So in addition to what data we did have around physician race, we also had folks who were looking at pictures of physicians and identifying race in that way, as well, which I think is an important and unique, actually, part of this study because, you know, so much of how we as humans sort of categorize and group people and think about sort of racial identity is based on what we see in front of us. And so we were able to add that element to our dataset, as well.

SOFIA: So Rachel's team looked at the 1.8 million hospital birth records - how each baby did, the baby's race and the race of the doctor in charge of the newborn's care. And what they found was striking.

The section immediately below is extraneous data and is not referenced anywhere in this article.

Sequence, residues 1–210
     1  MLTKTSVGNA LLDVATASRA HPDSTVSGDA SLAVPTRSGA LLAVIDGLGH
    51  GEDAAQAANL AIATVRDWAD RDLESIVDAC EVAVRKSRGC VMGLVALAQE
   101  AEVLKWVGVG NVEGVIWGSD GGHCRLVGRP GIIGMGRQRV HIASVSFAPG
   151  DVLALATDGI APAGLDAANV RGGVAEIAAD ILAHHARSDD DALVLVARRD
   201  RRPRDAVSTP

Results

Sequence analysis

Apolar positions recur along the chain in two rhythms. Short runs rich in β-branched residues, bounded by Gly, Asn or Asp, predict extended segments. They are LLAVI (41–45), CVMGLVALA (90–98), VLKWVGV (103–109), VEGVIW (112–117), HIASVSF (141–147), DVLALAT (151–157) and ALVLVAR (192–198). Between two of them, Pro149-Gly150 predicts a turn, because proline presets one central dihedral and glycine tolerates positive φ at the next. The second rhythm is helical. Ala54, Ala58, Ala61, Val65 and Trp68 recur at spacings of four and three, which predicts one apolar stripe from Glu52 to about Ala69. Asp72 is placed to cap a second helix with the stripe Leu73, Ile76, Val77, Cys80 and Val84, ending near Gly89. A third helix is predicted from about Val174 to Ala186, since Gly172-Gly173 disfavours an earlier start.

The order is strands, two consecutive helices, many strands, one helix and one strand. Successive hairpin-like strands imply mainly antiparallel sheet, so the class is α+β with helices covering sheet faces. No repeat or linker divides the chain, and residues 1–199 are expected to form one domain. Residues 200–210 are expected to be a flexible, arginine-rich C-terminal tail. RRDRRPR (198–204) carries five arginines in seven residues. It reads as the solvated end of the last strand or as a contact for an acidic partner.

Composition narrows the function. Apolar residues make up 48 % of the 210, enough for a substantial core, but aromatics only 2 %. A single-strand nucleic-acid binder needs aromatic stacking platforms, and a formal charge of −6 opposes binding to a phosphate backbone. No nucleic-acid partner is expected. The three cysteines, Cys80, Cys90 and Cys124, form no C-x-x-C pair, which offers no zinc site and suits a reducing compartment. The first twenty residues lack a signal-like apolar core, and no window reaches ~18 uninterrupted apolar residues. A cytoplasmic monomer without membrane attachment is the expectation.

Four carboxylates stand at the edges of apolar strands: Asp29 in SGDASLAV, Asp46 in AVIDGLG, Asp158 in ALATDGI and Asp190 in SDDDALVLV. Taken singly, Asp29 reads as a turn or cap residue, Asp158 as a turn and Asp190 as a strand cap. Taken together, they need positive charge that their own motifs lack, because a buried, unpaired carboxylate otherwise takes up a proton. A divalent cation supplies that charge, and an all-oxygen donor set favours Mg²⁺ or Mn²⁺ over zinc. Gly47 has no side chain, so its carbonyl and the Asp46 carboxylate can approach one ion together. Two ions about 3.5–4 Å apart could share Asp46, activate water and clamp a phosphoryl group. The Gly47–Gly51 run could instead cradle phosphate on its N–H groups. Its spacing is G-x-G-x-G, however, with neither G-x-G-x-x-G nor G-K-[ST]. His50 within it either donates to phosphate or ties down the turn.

HARDEMAN: When a Black newborn was cared for by a Black physician. They were less likely to experience death in the hospital setting.

SOFIA: To put some numbers on it, when cared for by white physicians, Black newborns in this study were approximately three times more likely to die in the hospital than white newborns. But when Black physicians cared for Black newborns, that excess mortality rate dropped by about 50 percent.

HARDEMAN: We also found that the effects appear to sort of manifest themselves more strongly the more complex the case is.

SOFIA: Meaning the effect is even more prevalent in complicated or difficult birthing situations. But when the team looked at the health outcome of the birthing person, racial concordance didn't seem to make a difference.